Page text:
Pret A Manger has launched its first full-ingredient labelling trial at a store in Victoria, London.
Ednan-Laperouse suffered a fatal heart attack on board a flight in 2016 after consuming a Pret baguette containing sesame seeds, to which she was allergic. Marsh died last year after consuming a Pret dairy-free flatbread that contained traces of dairy.
Pret claimed that the flatbread’s supplier was responsible for the contamination.
Pret CEO Clive Schlee said in a statement: “After an enormous amount of work from a dedicated Pret team, I’m pleased to say that we have launched the first full-ingredient labelling pilot in a shop in Victoria this week. It’s the latest in a series of changes we’ve been making to Pret’s allergy policies since we first learned of Natasha’s tragic death in the spring of 2017.
“I know that sticking labels on sandwich boxes may seem simple, and you may be wondering why we don’t just get on with it. The reason is that we have to make sure the process is safe, practical and effective. The wrong label on the wrong sandwich can be worse than no label at all. Our teams make our sandwiches and salads in small batches, typically around 12 to 15 at a time, throughout the day in over 350 different Pret kitchens all over the country. We have to perfect the process to minimise the chance of human error.”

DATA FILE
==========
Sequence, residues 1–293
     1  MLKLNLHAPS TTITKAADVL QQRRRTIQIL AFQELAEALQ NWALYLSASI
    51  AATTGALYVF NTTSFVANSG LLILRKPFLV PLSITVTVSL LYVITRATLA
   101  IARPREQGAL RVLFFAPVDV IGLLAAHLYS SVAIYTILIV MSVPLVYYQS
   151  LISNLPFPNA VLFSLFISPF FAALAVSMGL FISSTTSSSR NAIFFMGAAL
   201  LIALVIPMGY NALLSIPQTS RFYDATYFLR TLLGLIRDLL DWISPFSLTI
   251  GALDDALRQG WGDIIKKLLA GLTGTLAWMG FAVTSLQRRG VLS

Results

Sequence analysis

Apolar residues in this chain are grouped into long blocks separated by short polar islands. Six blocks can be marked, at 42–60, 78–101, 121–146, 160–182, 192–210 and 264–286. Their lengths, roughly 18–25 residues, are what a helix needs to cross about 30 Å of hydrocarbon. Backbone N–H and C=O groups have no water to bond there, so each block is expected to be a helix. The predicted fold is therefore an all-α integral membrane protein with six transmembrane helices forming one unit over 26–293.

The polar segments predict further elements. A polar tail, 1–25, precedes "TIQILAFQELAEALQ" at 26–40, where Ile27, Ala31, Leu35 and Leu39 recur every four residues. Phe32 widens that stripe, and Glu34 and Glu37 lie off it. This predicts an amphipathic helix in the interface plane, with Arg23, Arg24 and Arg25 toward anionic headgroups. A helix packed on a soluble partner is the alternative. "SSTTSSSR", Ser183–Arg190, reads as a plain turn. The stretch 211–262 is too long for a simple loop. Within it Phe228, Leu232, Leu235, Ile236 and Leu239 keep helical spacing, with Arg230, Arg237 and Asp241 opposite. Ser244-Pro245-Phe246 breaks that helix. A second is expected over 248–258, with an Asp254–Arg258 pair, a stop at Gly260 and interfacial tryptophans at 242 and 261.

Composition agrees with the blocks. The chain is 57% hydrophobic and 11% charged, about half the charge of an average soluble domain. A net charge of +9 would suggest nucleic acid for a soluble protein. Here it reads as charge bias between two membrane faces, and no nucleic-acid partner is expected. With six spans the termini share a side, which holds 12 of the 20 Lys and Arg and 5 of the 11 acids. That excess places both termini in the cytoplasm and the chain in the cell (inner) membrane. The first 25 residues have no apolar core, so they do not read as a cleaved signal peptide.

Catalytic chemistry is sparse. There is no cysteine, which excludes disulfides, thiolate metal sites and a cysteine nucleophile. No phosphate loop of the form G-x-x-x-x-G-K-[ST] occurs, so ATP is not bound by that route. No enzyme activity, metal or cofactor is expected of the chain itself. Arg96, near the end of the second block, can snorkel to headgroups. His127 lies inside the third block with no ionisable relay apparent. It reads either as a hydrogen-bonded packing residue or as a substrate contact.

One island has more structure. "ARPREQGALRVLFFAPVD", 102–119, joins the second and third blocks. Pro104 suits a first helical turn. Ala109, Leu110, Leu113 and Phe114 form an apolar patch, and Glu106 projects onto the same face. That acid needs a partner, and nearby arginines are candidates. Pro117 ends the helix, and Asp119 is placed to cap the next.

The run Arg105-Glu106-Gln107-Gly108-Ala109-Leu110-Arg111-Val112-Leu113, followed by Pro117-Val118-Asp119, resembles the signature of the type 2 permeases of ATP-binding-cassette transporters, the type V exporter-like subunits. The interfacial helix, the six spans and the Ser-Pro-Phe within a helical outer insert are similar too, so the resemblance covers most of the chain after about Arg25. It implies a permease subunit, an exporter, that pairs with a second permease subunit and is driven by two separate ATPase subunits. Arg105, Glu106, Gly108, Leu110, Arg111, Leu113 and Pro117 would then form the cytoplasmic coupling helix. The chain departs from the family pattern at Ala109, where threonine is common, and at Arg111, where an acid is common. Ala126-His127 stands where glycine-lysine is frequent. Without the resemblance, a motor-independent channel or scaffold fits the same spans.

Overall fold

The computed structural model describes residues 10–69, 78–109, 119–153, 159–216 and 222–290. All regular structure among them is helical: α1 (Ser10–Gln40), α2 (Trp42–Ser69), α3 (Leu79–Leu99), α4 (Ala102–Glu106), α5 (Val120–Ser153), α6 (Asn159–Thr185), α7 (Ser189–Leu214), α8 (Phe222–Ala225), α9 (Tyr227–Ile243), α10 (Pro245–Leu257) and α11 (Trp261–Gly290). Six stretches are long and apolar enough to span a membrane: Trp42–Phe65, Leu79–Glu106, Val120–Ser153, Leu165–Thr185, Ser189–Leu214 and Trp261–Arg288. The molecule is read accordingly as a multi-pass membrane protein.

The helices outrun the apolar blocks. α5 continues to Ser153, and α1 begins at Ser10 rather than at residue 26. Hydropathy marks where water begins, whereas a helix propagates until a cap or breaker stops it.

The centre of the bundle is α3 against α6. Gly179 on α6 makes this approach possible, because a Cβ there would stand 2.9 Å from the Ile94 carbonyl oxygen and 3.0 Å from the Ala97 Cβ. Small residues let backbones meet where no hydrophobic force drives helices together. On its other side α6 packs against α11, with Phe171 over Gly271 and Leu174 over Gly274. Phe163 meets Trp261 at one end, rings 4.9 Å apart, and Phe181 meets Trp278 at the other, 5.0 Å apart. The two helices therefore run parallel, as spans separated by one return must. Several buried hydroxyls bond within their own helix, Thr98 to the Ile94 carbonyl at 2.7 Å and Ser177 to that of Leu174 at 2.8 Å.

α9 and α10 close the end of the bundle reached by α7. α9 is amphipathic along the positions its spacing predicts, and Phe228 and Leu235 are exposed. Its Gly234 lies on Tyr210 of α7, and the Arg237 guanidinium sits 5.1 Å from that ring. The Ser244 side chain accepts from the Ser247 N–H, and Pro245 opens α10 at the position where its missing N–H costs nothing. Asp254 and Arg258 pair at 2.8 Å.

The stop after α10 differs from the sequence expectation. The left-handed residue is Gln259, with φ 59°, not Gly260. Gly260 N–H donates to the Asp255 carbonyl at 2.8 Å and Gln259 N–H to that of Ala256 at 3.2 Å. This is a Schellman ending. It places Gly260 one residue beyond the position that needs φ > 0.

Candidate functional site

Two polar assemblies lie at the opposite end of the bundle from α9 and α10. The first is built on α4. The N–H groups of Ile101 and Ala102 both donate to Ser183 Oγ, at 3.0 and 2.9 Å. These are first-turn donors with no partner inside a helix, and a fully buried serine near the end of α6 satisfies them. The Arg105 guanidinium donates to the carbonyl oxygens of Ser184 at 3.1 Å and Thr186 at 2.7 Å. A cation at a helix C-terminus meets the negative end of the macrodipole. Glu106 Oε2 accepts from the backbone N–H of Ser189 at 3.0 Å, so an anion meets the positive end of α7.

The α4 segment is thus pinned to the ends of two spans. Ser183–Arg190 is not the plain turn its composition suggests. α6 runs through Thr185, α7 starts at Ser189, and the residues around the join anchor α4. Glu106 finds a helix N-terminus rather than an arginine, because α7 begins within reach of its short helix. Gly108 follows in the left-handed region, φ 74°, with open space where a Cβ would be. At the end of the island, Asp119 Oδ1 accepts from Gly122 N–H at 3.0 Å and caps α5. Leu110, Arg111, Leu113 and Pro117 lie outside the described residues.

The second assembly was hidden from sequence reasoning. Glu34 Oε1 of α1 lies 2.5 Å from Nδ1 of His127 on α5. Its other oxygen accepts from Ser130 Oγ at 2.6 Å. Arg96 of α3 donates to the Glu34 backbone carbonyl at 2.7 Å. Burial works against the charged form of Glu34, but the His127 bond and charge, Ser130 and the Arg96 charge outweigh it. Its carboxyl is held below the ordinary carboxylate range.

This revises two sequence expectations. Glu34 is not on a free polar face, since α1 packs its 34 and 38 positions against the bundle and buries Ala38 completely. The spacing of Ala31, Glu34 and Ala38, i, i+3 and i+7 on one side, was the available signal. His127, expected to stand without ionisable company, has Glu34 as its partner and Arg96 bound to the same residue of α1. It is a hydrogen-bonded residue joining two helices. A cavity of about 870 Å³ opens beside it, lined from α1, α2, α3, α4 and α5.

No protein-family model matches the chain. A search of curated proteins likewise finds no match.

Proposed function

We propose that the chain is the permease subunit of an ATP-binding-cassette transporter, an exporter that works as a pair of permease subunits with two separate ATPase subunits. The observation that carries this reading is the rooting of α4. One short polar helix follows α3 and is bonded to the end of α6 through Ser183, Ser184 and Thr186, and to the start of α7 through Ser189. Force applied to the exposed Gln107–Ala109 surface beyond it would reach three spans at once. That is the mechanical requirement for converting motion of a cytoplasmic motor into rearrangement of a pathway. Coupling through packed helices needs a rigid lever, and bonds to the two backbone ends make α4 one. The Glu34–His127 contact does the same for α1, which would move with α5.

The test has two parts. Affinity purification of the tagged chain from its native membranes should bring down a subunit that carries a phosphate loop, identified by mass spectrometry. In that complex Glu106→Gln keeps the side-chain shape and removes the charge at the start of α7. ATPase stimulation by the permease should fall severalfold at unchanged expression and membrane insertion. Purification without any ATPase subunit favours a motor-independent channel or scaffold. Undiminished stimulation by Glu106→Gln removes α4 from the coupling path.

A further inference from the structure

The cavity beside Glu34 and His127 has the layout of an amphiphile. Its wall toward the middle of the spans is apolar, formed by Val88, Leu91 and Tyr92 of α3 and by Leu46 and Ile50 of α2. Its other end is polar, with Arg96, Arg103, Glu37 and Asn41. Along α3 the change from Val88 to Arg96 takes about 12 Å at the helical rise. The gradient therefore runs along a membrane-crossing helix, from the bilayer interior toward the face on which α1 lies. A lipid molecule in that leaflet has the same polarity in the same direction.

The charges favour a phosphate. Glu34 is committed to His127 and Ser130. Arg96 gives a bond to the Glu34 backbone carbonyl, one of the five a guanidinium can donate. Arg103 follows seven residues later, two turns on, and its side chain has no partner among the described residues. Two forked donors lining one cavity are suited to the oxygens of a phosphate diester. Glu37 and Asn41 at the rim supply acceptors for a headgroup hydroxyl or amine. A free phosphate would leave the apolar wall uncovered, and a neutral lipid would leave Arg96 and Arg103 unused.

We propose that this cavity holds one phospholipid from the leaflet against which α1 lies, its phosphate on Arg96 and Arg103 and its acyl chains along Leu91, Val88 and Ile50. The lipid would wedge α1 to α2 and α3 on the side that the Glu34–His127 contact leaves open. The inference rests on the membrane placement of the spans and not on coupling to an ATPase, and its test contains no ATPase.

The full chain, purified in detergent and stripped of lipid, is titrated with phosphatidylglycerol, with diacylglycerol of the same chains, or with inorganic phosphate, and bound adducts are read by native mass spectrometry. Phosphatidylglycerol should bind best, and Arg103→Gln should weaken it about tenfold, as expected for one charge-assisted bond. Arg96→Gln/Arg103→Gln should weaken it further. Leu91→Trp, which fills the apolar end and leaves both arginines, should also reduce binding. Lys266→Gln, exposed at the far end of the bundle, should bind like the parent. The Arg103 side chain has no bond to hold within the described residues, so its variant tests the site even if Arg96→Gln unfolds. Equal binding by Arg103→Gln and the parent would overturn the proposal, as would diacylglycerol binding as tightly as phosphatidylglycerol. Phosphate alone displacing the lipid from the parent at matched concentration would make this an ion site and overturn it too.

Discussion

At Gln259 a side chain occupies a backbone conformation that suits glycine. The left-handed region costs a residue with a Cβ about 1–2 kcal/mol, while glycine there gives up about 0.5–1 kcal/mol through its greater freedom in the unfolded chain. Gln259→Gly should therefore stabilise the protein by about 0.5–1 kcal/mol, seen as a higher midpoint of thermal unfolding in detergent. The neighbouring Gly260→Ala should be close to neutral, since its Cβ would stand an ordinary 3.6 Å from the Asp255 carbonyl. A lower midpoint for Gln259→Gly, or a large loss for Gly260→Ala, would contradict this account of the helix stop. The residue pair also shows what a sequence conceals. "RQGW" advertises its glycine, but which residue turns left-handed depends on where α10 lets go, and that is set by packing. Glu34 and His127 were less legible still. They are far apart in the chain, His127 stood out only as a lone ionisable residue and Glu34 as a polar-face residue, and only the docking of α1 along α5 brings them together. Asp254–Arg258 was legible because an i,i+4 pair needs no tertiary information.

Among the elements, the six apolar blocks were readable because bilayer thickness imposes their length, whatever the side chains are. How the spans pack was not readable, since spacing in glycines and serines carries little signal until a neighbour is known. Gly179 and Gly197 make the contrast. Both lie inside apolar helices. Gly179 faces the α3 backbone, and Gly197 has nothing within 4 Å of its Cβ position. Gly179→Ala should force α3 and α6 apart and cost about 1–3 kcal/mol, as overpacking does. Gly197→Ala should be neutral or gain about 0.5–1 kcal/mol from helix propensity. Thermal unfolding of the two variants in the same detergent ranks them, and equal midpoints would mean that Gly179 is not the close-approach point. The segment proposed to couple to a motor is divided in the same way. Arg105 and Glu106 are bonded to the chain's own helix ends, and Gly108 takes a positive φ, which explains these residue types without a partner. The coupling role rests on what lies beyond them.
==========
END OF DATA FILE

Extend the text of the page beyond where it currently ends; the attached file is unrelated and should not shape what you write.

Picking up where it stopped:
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The chain will enhance the ingredients labels, ensure they are placed in an appropriate place on packaging and look to technology solutions for assistance before rolling out this approach nationwide.
Schlee said: “Speed is of the essence, but so is developing a process that is safe to use. Running pilots now will make the national launch much quicker and easier. We’ll be sharing the learnings with the government and wider industry.”